Tag Archives: national security agency

The downside to Glenn Greenwald

TW: police detention, mass surveillance, police brutality

You may have heard about the controversy earlier this week as Glenn Greenwald’s partner, David Miranda, was detained while returning to the UK from a visit to Brazil. Greenwald was understandably incensed and wrote several thousands of words on the subject for The Guardian over the course of these past few days. While this incident has been largely pushed aside in light of the sentencing news for Chelsea Manning, I think this story from earlier in the week in illuminating in terms of the flaws in Greenwald’s journalistic practices.

To be clear here, this is not to suggest that Greenwald’s reporting on these events was biased or that either he or his partner “deserved” the scrutiny or restrictions placed on them by the UK government (and, as Greenwald and others have alleged, at the US government’s request, which the Obama administration has wholly denied). There’s something of a media campaign underway to paint this issue as reasonable comeuppance for Greenwald and Miranda which is obviously an elaborate profession-wide apology by the highest echelons of US-based journalists who hope to be the best stenographers to power that they can be. Greenwald’s bucking of that trend is something that we should all appreciate, and even if failing that, we shouldn’t hold Miranda culpable for Greenwald’s actions.

That said, the way that Greenwald’s role in reporting international surveillance systems has expanded to experiencing them as well is worrisome. Concerns about bias are understandable, but in this case seem unfounded. Instead, I think the real damage is in how this limits the most public reporting on these issues of the increasing use of mass surveillance by the US and UK governments. As David von Ebers wrote at This Week In Blackness, the UK has its own history of using these same methods of surveillance and detention to crackdown on both anti-colonial activists that had been displaced from British colonies as well as against locally marginalized and anglicized Irish protesters. There’s more than a past pattern of those tactics, actually, as across the UK and other EU countries anti-surveillance protesters took to smashing CCTV cameras (publicly placed video recorders) this very week.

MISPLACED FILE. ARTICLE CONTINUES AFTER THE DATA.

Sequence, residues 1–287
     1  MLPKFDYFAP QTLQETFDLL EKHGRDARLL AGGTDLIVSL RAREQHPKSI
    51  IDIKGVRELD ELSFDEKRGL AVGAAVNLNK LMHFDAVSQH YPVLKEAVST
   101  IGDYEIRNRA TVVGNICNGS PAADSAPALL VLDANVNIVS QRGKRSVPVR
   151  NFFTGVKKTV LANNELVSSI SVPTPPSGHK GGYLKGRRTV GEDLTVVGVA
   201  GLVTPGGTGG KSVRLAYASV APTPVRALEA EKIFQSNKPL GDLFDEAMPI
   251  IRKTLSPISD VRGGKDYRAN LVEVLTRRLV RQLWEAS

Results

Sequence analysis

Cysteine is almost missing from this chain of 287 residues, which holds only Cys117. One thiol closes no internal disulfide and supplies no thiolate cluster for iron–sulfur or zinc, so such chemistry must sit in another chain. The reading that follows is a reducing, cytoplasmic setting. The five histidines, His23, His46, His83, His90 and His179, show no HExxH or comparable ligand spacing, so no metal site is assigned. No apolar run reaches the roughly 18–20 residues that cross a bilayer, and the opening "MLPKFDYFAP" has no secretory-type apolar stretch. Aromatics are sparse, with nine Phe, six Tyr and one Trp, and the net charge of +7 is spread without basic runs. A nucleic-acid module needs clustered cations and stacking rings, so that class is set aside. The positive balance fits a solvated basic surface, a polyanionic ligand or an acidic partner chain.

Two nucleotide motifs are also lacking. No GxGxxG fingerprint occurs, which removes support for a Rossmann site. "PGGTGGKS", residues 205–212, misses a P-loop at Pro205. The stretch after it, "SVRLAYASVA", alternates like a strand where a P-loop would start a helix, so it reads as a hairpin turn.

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(One German dissident dismantling a public surveillance camera in January, from here.)

On the distinct but related issue of the wave of UK riots two years ago, which were prompted in part in opposition to police brutality, Greenwald struck an odd tone. While he admitted that the riots were rooted in opposition to exploitation and “the system,” he likewise reduce them to being nothing more than “opportunistic criminality and inchoate rage“. Instead of attempting to sort through the diverse motivations for the riots, Greenwald essentially gave up, and missed out on reporting a connection between this larger backdrop of protest and resistance and the state systems he now takes so seriously.

As long as he’s reporting on the US’s possible involvement in detaining Miranda and likewise the US’s National Security Agency’s broad surveillance programs, why can’t he also mention Stop and Frisk, which as near as I can tell, he’s never covered? It’s also rather timely this week, given how New York’s Mayor Bloomberg has responded to the declaration of that policy as unconstitutional with calls for mass fingerprinting in poor, predominantly Black and Latin@ neighborhoods. Both that former policy and Bloomberg’s interest in replacing it with a similarly overpowered form of policing has gone chronically underreported and could do with a larger name like Greenwald’s throwing some attention its way.